Four holidays will be wrapped into three-day weekends: Labor Day (Sept. 6), Dr. Martin Luther King Jr. Day (Jan. 17), President’s Day (Feb. 21) and Memorial Day (May 30).

Schools will also be closed for Yom Kippur on Sept. 16, which is a Thursday.

Four professional duty days are on the calendar. These are days when teachers clock in-service hours, while kids stay home. The dates are Oct. 15, Jan. 11, March 18 and June 3.

Three hurricane makeup days are planned in the calendar:

  • Nov. 11 (Veterans Day)
  • Jan. 10 (after the first semester exam week ends)
  • Feb. 18 (the Friday before the President’s Day holiday). 

These dates serve as place-holders in the calendar in cases of a weather-related closure, like those due to hurricanes or tropical storms, that require schools to be closed.

Historically, the district will use the dates closest to the storm day to fill in any missed hours from school. If schools aren’t cancelled due to storms, the students and employees get the day off.

It should be noted that the exam week after winter break is immediately followed with two possible days off for students, thanks to Jan. 10 being established as a hurricane makeup day and Jan.11 listed as a teacher-training day.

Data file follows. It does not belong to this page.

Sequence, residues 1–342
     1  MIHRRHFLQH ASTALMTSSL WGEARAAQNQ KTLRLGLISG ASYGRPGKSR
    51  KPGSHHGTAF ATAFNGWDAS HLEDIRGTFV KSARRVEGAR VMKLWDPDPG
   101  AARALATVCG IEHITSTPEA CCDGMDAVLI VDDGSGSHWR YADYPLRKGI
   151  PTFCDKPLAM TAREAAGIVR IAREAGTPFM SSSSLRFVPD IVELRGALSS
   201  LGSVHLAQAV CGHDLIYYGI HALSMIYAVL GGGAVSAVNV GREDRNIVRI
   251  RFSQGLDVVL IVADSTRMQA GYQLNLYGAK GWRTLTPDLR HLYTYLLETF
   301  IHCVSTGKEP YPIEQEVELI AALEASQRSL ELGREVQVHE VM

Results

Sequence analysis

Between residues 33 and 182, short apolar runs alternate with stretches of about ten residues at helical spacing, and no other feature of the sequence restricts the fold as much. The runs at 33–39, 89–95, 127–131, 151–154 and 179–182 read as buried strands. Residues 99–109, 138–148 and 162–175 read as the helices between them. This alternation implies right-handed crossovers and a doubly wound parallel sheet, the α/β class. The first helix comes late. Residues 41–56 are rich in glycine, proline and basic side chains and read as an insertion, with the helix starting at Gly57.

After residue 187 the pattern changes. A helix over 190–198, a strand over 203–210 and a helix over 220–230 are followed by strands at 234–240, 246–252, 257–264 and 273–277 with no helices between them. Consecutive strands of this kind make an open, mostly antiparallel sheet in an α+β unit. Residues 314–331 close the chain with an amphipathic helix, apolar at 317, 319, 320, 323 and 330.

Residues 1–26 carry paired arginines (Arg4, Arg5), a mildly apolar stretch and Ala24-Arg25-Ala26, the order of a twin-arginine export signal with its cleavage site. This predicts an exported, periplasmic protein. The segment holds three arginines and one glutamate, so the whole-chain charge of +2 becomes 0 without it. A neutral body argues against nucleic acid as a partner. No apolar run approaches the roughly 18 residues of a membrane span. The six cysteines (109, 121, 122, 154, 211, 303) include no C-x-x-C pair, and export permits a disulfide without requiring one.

The Feb. 18 hurricane day falls on a Friday, too. If the day is unused, it would make for a four-day weekend for staff and students because the following Monday is

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America needs a ‘tax break to go travel’: Booking CEO

The coronavirus pandemic has decimated the travel industry. Through business shutdowns and quarantining to limit the spread of the virus, air travel has dramatically declined as people stay home and push off family vacations and business trips. Millions of tourism and airline jobs have been lost as the industry awaits further government fiscal support. The International Air Transport Association estimated that it will be at least 2024 before air traffic reaches pre-pandemic levels.

“The recovery for travel is not going to be in quarters. It’s going to be in years,” said Booking Holdings (BKNG) CEO and President Glenn Fogel at Yahoo Finance’s All Markets Summit on Monday. Fogel oversees travel giant Booking as well as several other sites including Priceline.com, OpenTable, and Kayak.

In the second quarter, Booking Holdings experienced a loss of $376 million compared to adjusted earnings of $1.4 billion during the same period in 2019. Gross travel bookings plunged 91% in the second quarter of 2020, while revenue dropped 84%, and the company laid off roughly 4,000 employees globally.